We want thousands of concurrent users. This drives all aspects of scale in all systems. Need careful attention to data serialization and network optimization at the low level.
State updates will be constant, both between server and clients and also between server-side processes, and persistent storage.
At higher levels, we need to distribute load laterally across an undetermined number of services and hosts. This will also require the ability to scale laterally as well. No single points of failure or bottlenecks, please!
This is what puts the "M" in MMO.
We need to scale, but we can make design concessions to get it. Distribute load based on functional responsibilities, orthogonal to game play and world geometry. Consider actor model for ease of single-threaded-ish implementation.
Mission data is almost surely graph-based. Note fairly tight integration with items and other systems that use them; need to make sure we cleanly decouple mission and item state. Probably key/value store, *maybe* BLOB if absolutely necessary, but try (hard) to avoid. Versioning essential from the start; don't cobble it on later.
We can keep this fairly tightly scoped if we do it right. Most integration between characters and other game systems is above the persistence layer. Need to scale frequent writes, infrequent reads (assuming cache).
Probably some kind of key/value store for attributes. BLOBs seem attractive at first, but IMO they'll bite you in the ass later. Basic CRUD operations with a write-through cache on top - Redis, anyone?
Chat tech is generally well understood, with support from existing solutions if desired.
Integration with game features will be limited to global, regional, alliances, party, and private channels.
Just don't try to implement a custom XMPP server! Not worth it.
I'm arbitrarily deciding that alliances will be pretty tightly scoped. It will be focused almost exclusively on supporting social interaction and offline coordination of group play. Not tightly integrated with other game systems.
I have a Seiko analog watch that needs repair. When I pull out the crown to set the time, the movement stops. This is normal. But when I push the crown back in, the movement doesn’t resume right away. It sometimes takes several minutes for it to start ticking again.
I love this watch. My wife gave it to me for our anniversary years ago, and I’ve worn it daily ever since. I’m definitely going to have it repaired. Administrivia isn’t my strong suit, though, so I haven’t gotten around to it yet.
Meanwhile, I keep wearing it. I’ve learned that if I just stop messing with it, I can still rely on it to keep time. Now, I just remember the offset between the actual time and my watch’s time and do the head math. This works because the watch is consistent, and I’ve become consistent in using it this way. Continue reading Consistency FTW!→
Engines of Delight is a blog about multiplayer game server architecture created and maintained by Matthew Walker.
Online game development is a school of hard knocks. Over the years I’ve made many mistakes, shared some successes, and learned a hell of a lot. I love collaborating and sharing knowledge with my teammates. Yet, the transient nature of game development often dilutes our shared wisdom when projects end and teams split up. I’ve often wished for a venue where I could share in a larger pool of wisdom from like-minded game server developers. This venue would give us with a way to not only capture our shared experience, but refine it, build upon it, and most important, make use of it in future work. I’m not sure I can describe clearly what I have in mind yet, but I hope to explore it through Engines of Delight.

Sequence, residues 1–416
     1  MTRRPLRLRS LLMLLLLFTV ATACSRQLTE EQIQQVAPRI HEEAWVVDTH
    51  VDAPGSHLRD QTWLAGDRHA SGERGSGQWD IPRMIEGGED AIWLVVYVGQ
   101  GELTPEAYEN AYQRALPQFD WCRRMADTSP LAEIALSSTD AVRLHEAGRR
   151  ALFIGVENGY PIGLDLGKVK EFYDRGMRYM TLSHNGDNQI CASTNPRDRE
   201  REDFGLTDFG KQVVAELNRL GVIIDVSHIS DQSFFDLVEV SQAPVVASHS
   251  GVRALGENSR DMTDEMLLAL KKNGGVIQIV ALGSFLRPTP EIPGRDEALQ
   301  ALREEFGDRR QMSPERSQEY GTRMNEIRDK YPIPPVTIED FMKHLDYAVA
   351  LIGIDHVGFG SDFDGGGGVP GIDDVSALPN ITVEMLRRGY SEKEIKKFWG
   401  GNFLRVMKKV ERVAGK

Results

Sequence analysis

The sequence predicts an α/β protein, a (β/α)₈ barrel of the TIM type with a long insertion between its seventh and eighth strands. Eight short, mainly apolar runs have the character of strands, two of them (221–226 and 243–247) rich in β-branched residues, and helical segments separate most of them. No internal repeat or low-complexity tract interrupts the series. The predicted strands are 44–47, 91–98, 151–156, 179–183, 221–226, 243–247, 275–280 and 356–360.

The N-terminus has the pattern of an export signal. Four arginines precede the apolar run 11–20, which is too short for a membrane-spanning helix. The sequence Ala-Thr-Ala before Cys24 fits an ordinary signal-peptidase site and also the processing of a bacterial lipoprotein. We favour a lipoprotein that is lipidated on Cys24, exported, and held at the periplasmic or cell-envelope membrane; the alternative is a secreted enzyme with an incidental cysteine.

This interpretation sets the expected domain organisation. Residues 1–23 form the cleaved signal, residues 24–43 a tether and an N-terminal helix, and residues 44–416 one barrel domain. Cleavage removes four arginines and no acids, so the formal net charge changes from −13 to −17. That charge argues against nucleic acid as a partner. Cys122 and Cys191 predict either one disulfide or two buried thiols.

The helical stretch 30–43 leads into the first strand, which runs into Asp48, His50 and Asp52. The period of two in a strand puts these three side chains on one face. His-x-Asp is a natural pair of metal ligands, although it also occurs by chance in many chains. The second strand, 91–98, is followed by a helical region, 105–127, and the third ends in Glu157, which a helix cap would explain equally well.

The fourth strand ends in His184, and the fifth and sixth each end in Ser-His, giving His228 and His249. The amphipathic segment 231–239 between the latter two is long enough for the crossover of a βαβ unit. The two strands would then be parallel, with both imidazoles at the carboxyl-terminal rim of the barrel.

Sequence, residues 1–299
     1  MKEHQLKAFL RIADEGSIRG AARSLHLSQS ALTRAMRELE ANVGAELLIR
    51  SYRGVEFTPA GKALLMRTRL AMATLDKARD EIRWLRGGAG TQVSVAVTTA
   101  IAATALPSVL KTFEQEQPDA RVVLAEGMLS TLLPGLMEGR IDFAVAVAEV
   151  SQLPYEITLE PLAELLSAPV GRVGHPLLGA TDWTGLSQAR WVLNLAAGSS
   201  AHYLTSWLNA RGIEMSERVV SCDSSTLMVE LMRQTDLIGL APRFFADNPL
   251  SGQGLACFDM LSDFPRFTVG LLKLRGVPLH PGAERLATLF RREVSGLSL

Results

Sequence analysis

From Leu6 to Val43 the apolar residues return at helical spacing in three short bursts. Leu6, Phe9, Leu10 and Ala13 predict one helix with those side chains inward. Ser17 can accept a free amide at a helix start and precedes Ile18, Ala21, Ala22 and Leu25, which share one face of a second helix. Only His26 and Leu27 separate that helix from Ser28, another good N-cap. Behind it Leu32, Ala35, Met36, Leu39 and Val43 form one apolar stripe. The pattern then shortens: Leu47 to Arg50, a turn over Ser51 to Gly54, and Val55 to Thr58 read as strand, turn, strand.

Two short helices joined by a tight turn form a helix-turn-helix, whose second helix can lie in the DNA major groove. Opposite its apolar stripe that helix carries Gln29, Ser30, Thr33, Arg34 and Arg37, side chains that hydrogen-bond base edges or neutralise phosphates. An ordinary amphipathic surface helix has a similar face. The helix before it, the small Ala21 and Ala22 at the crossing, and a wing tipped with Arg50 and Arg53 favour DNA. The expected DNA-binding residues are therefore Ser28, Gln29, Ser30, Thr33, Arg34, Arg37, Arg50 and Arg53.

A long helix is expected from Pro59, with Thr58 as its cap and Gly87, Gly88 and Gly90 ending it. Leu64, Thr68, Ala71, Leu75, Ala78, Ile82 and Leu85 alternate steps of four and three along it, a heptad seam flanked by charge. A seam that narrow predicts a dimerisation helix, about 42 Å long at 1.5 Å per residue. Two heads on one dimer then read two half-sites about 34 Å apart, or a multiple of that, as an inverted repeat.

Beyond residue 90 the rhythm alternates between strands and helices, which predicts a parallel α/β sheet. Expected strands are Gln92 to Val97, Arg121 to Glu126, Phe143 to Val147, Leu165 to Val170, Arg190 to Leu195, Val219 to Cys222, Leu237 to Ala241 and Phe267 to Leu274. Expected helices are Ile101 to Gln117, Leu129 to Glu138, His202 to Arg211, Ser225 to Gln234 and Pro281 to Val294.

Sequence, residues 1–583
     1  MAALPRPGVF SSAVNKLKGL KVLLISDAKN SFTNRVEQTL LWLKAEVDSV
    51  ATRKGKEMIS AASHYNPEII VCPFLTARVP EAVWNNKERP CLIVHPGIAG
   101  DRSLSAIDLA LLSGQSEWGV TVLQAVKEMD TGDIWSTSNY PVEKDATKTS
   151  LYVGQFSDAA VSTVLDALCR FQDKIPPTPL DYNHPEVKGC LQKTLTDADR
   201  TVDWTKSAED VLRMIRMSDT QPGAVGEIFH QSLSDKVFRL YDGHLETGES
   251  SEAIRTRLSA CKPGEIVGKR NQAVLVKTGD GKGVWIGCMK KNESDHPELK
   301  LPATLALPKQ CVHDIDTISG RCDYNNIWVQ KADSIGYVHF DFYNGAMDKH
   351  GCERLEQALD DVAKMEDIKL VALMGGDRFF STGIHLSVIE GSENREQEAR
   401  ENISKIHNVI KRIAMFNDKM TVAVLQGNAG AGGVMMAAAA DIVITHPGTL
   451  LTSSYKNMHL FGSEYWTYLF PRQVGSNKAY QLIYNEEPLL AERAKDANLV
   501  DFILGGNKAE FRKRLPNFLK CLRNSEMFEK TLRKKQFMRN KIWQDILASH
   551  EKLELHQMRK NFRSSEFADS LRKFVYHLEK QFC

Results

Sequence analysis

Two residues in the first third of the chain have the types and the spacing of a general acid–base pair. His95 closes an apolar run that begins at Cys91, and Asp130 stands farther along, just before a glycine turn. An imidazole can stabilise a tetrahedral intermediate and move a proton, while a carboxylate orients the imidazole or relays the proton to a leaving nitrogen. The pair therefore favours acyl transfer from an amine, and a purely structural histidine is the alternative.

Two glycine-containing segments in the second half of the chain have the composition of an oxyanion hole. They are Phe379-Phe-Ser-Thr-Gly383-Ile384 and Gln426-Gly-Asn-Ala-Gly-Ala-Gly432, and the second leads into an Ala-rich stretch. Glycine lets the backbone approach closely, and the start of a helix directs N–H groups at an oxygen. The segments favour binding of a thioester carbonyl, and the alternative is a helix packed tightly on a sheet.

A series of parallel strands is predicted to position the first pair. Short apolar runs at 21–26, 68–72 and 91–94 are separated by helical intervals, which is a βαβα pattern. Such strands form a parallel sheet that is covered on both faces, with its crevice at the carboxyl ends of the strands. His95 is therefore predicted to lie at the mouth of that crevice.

My mission for Engines of Delight is to enrich the online game development community by advancing our shared understanding of software architecture as it applies to multiplayer game server development. I hope to do this through a blend of shared real-world experience, professional discussion and feedback, and curated references to external works.
This is a tall order: the term “architecture” is broad, complex, and ill-defined. It’s certainly bigger than me, and I can’t do it alone. With Engines of DelightI also hope to offer an environment where other server developers can teach as well as learn, share their failures and successes, and apply their unique insights to common problems and solutions.
Some features that I hope to explore with Engines of Delight include:
Regular blog posts on a variety of topics relevant to multiplayer game server architecture. Standard blog fare, so to speak.
A catalog of known patterns and architectural “styles” found in the industry.
A catalog of common multiplayer game types.
A cross-reference between known patterns and game types, identifying combinations that work well and those not so much.
Postmortem articles that document architectural decisions from real projects, their outcome, and lessons learned.
Curated references to recommended third-party sources, including blogs, podcasts, books, and other works.
A vehicle to encourage contributions from community members in all the above areas.